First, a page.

September 21, 1995
Stephen P. Nash, Esquire
Nash & Company
700 Westinghouse Building
Pittsburgh, Pennsylvania 15222
Dear Mr. Nash:
This letter responds to your request for a staff advisory opinion on behalf of Hematology/Oncology Care Specialists of Western Pennsylvania, P.C. ("HOCS"). HOCS is a for-profit corporation composed of physicians who are board-certified or board-eligible in hematology/medical oncology ("hematologist/ oncologists"). Established to develop and manage the provision of hematology/medical oncology ("hematology/oncology") services through a network of providers in the area surrounding Pittsburgh, Pennsylvania, HOCS will negotiate and enter into contracts with third-party payors under which its members ("participating physicians") will provide such services to the beneficiaries of those payors' health plans. As explained more fully below, neither the formation nor the operation of HOCS appears likely to violate any law enforced by the Federal Trade Commission.
HOCS will be managed by a board of five directors, three of whom will also serve as officers, who will serve one-year terms and may serve up to three consecutive terms. With the assistance of an independent contractor, HOCS will market its network services, primarily on a capitated basis, to third-party payors, including health maintenance organizations and possibly self-insured employers. Each payor's capitated payment will cover all physician services rendered to its beneficiaries under its contract, and participating physicians will share the risk that the cost of providing services to a payor group will exceed that payment. However, drug therapy, a critical aspect of the treatment of certain hematology/oncology patients, initially will be provided on a modified fee-for-service basis. HOCS estimates that drug therapy may account for approximately 30% of its volume of business, but has been unable to obtain data on utilization patterns or costs per patient for drug therapy. HOCS asserts that it lacks sufficient experience with protocols for drug therapy to establish capitated rates for it at this time.(1)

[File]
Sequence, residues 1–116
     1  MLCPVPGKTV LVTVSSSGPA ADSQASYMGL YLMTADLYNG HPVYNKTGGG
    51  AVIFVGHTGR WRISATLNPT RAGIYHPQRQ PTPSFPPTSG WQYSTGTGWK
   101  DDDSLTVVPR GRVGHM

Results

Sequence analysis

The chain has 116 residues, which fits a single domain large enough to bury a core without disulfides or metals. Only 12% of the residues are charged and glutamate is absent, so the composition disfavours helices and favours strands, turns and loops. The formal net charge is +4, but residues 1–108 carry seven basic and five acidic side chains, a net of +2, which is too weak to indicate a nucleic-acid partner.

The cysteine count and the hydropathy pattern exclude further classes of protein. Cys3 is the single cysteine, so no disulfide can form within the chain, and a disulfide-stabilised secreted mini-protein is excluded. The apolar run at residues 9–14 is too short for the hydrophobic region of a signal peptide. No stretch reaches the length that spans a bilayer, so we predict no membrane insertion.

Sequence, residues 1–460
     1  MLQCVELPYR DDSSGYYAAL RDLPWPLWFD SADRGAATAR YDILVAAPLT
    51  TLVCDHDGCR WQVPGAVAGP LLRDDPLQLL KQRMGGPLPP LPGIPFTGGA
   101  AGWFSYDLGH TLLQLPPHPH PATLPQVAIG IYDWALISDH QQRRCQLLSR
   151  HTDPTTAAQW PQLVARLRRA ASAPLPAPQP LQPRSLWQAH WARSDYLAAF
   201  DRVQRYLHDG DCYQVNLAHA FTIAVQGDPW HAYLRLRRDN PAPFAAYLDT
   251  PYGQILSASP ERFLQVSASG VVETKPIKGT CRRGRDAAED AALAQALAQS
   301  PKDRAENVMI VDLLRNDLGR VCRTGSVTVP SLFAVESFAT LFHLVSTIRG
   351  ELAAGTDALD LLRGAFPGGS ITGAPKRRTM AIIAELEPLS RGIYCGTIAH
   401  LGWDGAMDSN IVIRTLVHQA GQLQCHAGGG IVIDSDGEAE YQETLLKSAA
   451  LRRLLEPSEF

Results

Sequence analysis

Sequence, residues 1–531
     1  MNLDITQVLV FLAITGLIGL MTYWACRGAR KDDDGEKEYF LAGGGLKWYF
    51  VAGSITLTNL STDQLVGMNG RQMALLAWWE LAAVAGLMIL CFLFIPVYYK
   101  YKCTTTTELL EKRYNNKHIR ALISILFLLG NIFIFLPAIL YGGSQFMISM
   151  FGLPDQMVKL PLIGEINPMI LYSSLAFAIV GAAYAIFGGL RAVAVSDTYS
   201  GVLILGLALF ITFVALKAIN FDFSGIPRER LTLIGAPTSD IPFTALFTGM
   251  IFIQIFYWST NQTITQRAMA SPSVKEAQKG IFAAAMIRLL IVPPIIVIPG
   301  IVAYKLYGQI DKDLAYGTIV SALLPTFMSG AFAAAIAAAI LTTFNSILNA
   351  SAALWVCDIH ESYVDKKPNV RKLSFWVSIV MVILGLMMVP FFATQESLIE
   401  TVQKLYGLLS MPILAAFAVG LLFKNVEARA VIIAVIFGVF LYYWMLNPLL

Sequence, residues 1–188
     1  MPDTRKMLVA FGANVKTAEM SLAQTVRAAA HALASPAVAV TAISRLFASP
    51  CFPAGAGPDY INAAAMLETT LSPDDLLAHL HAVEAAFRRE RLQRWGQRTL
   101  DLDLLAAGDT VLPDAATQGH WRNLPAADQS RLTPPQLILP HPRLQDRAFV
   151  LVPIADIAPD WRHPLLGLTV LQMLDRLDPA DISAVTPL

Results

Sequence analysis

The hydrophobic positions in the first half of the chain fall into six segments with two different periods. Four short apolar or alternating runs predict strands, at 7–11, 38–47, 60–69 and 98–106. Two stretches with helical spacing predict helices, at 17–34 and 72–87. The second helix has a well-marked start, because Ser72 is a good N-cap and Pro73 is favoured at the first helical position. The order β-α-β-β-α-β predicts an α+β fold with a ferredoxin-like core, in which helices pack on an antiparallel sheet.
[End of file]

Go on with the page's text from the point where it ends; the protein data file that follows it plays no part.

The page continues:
HOCS intends to develop and implement quality assurance and utilization review programs in order to ensure the provision of necessary and appropriate care and minimize the risk borne by participating physicians. For example, a "Continuous Quality Improvement" committee will develop and administer practice parameters. HOCS will monitor individual participating physicians' practice patterns through a medical management information system, and will provide training to assist physicians in fulfilling their responsibilities under the payor contracts. HOCS also intends to offer group purchasing benefits to participating physicians for billing services, insurance, medical equipment, and other supplies.
HOCS' Board of Directors will calculate a reimbursement formula for physician services based on McGraw Hill relative value scale standards. Each month, HOCS will set aside approximately 20% of the monthly capitated payments to pay expenses, management fees, and incentive compensation to physicians who meet certain cost-saving, utilization, and quality of care standards set by the Board. The company will distribute the remaining proceeds, on a pro rata basis, to participating physicians who provided services to beneficiaries during that month. HOCS also intends to set aside a minimum of 20% of the monthly fee-for-service payments, which will be disbursed to participating physicians on a pro rata basis if applicable performance standards, established during negotiations with third-party payors, are met. HOCS has not yet determined the details regarding forfeiture of withheld amounts.